Well, if you don't like the category, you can always bring it up for WP:CFD. However, since this is the most famous example of Islamic terrorism, the category should stay. Ice Cold Beer (talk) 17:48, 16 January 2008 (UTC)
Many extremists believes that Islam justifies their terrorist acts, just as many Christians believe as well. The dichotomy between different interpretations of a religion is an academic issue, and many moderate Muslims would call Al Qaeda's interpretation of Islam incorrect. However, that does not change the underlying justification used by the terrorists. --Haemo (talk) 19:27, 16 January 2008 (UTC)
As you say, some Christians have similar beliefs. I suppose I am having trouble accepting "Islamic terrorism" when I think about the prospect of a category called "Christian terrorism" which I ( I'm a Christian) would find an insulting and ridiculous concept given the teachings of Jesus Christ even though there are some fringe interpretations of Christianity which also endorse acts of terrorism. I suppose what I am saying is:
  • Just because some terrorist group uses some minority interpretation of an otherwise humane religion to justify their terrorism and uses the name of that religion, I don't think this encyclopedia needs to accept their application of the religion's name. The KKK do their terrorist acts with crosses and Christian prayers and reading from the bible; but I'd be pretty annoyed if their crap was categorized in this encyclopedia as "Christian terrorism". Mr.grantevans2 (talk) 21:14, 16 January 2008 (UTC)
The problem is that it is not up to Wikipedia is decide what is, and is not, Islamic. Think about what you are saying; your argument is that you can tell what is the "correct" interpretation of Islam, and this is "not Islam". That's a highly contentious and controversial opinion, and one which is actively disagreed on and debated. --Haemo (talk) 21:31, 16 January 2008 (UTC)
I admit I know absolutely nothing about any religion other than Christianity, but I am under the impression that the weight of academic and scholarly opinion about Islam, as with Christianity, would see terrorism justification as very much a fringe interpretation of either religion. Mr.grantevans2 (talk) 00:47, 17 January 2008 (UTC)
I put it up for CFD so we'll see if I am alone in this opinion. Mr.grantevans2 (talk) 21:18, 16 January 2008 (UTC)
Consensus is still overwhelmingly for accepting and using the term and category "Islamic terrorism". Mr.grantevans2 (talk) 22:07, 17 January 2008 (UTC)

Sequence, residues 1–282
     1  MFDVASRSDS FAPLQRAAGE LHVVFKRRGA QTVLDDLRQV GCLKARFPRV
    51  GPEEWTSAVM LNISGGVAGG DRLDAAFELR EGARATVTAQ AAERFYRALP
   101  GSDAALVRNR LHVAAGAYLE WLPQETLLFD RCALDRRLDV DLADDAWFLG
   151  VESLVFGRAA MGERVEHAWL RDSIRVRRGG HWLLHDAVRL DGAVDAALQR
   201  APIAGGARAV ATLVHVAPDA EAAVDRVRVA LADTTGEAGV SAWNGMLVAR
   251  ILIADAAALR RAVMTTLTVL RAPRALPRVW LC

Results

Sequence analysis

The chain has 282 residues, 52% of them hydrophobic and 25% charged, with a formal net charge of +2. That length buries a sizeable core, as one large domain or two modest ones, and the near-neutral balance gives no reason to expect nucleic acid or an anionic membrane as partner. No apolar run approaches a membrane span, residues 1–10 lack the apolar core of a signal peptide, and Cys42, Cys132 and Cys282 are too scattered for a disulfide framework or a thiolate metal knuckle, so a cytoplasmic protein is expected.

Using the term "Islamic terrorism" is one thing. But blaming an act on "Islamic terrorism" is another. Please provide reliable sources that suggest the 9/11 attacks are an example of "Islamic terrorism".Bless sins (talk) 13:59, 21 January 2008 (UTC)
Once again, are there any reliable sources that attest this?Bless sins (talk) 01:15, 27 January 2008 (UTC)
Yes. There are dozens and dozens (maybe hundreds) of such sources. If you were to do any research at all, you could find a couple. Ice Cold Beer (talk) 02:57, 27 January 2008 (UTC)
Then you will have no problems in finding some for me.Bless sins (talk) 03:05, 27 January 2008 (UTC)

[un-indent][1][2] It took less than a minute to find these. It would take only an incredible amount of laziness to be unable to find any sources describing the 9/11 attacks as "Islamic terror." Ice Cold Beer (talk) 03:33, 27 January 2008 (UTC)

Thanks for those sources. Golly, I could never have guessed before seeing these sources that 9/11 was an Islamic terrorist attack. --Matt57 (talkcontribs) 03:40, 27 January 2008 (UTC)
I'm glad I was able to finally solve this political mystery. Ice Cold Beer (talk) 04:02, 27 January 2008 (UTC)

"with American government assistance"

As it stands now, the "Responsibility" section of this article, in one clause, asserts that the U.S. government assisted Osama bin Laden in organizing MAK. False. The U.S. government dropped funds into Pakistani ISI accounts. The ISI, then in complete control of such funds, assisted Afghan mujahadeen. "Afghan Arabs" were quite the minority in Afghanistan (bin Laden's MAK, for instance, consisted of only about 100 Arabs compared to the 250,000 Afghan mujahadeen resisting the Soviets). These Arab anomalies were funded by Saudi Arabia and other Arab donors (and in bin Laden's case, his own family money) - not the Pakistani ISI and certainly not the CIA. The "Responsibility" section of this article would be more accurate if "American government" was replaced with "Saudi government". But that wouldn't be ironic enough, which is why I'm sure this folk myth was added. I think it unnecessary, however, to detail the exact nature of MAK funding in this article anyway - there are already articles on MAK, Allegations of CIA assistance to Osama bin Laden and Operation Cyclone, which give this issue the actual attention and fair presentation it deserves. 9591353082 (talk) 03:54, 17 January 2008 (UTC)

There is no doubt that this article goes into perhipheral information in too much needs ot stick to the events of the day and in accordance with Wikipedia:Summary style, mention these finer points in summary fashion and provide links to articles where those areas are discussed in greater detail.--MONGO 04:13, 17 January 2008 (UTC)
MONGO, that seems reasonable to me. Would you be willing to make that change,please? Mr.grantevans2 (talk) 16:11, 17 January 2008 (UTC)